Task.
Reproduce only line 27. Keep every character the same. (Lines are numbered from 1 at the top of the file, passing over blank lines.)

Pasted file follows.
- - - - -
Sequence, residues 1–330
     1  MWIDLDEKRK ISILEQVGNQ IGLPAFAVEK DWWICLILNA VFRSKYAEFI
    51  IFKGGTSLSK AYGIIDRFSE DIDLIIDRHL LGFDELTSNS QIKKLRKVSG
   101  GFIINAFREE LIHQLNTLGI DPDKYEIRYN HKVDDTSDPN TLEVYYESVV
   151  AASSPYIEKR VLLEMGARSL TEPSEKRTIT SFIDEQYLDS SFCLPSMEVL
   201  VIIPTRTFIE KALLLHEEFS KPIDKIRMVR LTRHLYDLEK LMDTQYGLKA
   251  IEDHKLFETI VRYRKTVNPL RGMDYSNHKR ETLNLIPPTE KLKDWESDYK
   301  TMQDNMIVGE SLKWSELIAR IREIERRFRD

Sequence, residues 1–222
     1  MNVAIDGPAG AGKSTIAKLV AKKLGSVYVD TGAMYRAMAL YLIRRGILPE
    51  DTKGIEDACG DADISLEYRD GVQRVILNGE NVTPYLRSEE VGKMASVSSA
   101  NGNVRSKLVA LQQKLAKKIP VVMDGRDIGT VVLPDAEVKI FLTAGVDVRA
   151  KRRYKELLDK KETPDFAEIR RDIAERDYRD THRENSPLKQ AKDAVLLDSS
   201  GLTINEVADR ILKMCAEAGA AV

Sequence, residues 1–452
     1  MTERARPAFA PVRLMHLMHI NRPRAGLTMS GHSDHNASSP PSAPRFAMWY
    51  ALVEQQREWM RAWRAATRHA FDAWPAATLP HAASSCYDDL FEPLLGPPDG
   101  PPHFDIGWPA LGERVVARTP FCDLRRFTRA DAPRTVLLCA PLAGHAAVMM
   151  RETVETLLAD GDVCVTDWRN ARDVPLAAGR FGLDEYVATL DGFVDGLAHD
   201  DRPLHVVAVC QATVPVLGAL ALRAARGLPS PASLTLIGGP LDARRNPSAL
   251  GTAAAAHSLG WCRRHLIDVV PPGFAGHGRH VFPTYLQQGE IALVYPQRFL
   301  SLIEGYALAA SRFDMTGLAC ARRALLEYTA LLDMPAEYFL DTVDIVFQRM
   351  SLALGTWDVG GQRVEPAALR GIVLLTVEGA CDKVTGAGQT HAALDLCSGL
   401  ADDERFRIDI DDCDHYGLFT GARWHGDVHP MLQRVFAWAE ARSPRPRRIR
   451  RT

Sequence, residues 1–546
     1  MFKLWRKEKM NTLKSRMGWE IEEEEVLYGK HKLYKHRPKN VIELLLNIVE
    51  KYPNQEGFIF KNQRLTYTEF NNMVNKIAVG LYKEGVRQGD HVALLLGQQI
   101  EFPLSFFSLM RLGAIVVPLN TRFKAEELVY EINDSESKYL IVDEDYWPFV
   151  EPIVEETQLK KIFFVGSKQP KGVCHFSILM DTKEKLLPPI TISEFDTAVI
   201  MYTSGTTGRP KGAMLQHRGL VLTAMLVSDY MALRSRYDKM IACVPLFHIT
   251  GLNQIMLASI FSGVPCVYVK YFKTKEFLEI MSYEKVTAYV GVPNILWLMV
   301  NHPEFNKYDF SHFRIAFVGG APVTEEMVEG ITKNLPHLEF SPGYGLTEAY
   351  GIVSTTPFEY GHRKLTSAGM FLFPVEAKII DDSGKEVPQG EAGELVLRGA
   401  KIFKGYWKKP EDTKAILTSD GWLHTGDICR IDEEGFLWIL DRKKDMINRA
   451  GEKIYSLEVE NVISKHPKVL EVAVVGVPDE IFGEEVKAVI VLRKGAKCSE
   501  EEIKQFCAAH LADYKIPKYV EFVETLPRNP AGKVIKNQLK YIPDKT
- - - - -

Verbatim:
     1  MFKLWRKEKM NTLKSRMGWE IEEEEVLYGK HKLYKHRPKN VIELLLNIVE